Professor of Sociology Carlos Alamo noted, “I’ve had Kali Tambree in several classes and I always came away impressed with the work she does inside and outside the classroom … I expect Kali will one day go on to graduate school and lat­er do some amazing and transformative research, teaching and writing in critical prison studies.”

Kooperman corroborated the faculty recom­mendations, emphasizing their importance in the competition. She commented, “Kali came to me on a recommendation from Professor Carlos Alamo; our initial conversation was illuminating and inspiring. I followed up with Carlos to let him know just how grateful I was that he sent her my way because I was sure she had unusual promise.”

The faculty recommendations are also a chance for professors to offer assistance and sol­idarity to students in whom they see promise. Professor of Sociology Erendira Rueda, who rec­ommended Magsaysay for the scholarship, wrote in an emailed statement, “Since low income, first generation college students who grew up in im­migrant families don’t always know about the wealth of resources and opportunities available in higher education, I make it a point to advise and mentor students from those backgrounds who end up in my classes.” He continued, “I try to do for students from historically underrepresented backgrounds what my mentors have done for me over the years: I make sure they know that they’ve demonstrated promise, I point them in the direc­tion of funding opportunities and programs that will support their academic and professional as­pirations, and I do my best to provide the emo­tional and logistical supports necessary to get students to apply for programs and fellowships that will help them craft a path through college.”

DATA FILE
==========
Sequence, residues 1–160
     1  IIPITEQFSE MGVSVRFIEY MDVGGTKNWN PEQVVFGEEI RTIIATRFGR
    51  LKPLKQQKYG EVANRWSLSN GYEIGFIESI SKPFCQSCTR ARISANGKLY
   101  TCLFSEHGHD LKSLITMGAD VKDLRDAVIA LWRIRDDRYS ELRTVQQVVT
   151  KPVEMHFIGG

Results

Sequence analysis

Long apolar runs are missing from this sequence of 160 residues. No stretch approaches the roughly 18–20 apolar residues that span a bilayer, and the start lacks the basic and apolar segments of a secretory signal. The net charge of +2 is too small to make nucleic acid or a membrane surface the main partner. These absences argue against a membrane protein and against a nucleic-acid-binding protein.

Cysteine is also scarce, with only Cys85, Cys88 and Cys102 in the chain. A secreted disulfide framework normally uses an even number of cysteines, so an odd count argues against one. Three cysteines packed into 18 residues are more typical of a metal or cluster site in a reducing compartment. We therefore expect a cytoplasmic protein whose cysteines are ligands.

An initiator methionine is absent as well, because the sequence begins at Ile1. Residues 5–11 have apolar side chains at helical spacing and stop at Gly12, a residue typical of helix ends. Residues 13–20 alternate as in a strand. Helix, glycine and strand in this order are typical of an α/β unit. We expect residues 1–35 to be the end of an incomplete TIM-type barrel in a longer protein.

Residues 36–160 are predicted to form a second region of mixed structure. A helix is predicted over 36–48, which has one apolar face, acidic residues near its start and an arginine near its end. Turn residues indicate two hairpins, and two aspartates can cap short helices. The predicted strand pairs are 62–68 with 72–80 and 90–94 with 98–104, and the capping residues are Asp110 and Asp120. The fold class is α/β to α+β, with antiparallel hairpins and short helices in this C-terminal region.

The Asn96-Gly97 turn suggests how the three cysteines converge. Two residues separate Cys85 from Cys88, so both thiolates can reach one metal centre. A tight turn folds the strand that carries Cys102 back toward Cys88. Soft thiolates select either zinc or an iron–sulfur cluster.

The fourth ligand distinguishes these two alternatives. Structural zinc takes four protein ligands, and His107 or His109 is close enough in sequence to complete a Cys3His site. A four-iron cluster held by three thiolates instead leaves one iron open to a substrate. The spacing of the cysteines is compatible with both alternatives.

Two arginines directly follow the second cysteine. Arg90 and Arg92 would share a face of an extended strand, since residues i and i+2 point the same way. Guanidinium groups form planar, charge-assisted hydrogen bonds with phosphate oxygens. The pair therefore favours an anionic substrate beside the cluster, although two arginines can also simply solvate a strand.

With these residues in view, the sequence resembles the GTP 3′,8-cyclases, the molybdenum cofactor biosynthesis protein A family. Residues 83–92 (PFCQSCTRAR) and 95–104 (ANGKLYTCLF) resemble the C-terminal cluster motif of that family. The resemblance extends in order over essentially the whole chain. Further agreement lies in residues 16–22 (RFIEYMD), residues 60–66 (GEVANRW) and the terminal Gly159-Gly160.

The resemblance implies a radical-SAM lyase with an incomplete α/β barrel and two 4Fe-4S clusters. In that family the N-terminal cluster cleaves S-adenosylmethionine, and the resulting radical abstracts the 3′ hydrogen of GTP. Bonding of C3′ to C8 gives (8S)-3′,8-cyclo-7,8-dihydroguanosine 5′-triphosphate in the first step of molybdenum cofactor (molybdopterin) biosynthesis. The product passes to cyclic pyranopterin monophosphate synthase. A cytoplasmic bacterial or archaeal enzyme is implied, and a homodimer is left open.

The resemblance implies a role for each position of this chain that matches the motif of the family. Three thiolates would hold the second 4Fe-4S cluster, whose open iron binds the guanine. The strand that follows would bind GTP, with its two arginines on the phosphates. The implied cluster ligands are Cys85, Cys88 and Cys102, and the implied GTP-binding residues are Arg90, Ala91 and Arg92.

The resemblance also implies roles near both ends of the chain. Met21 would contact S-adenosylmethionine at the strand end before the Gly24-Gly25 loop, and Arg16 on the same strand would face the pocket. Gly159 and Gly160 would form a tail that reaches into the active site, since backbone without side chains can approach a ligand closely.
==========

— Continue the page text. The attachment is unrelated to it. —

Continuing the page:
A broad spectrum of students have a fair chance to succeed in competitive research and study programs. Kooperman remarked, “The strongest applicants are those who come in with particular plans for the future in mind—and then we work together to identify opportunities that could potentially help them realize their goals. Not the other way around, where someone wants a particular fellowship and is trying to fit the mold. There is no mold—scholars and fellows are natural fits for these opportunities. We work with them to communicate their strengths.”

As for this year’s Truman Scholars, the scholar­ship ensures that they will have a strong chance to realize their public service vision. Tambree said, “I recognize that the society we live in is funda­mentally violent and unequal—and I feel a strong obligation to my community.” Carey agreed, “Vas­sar students must perceive the privileges we have and the violence embedded in comfortable living. My personal vision of public service is to give access to non-dominant narratives and histories to marginalized youth through education so that they can make sense of [themselves] and their communities, and imagine different worlds.”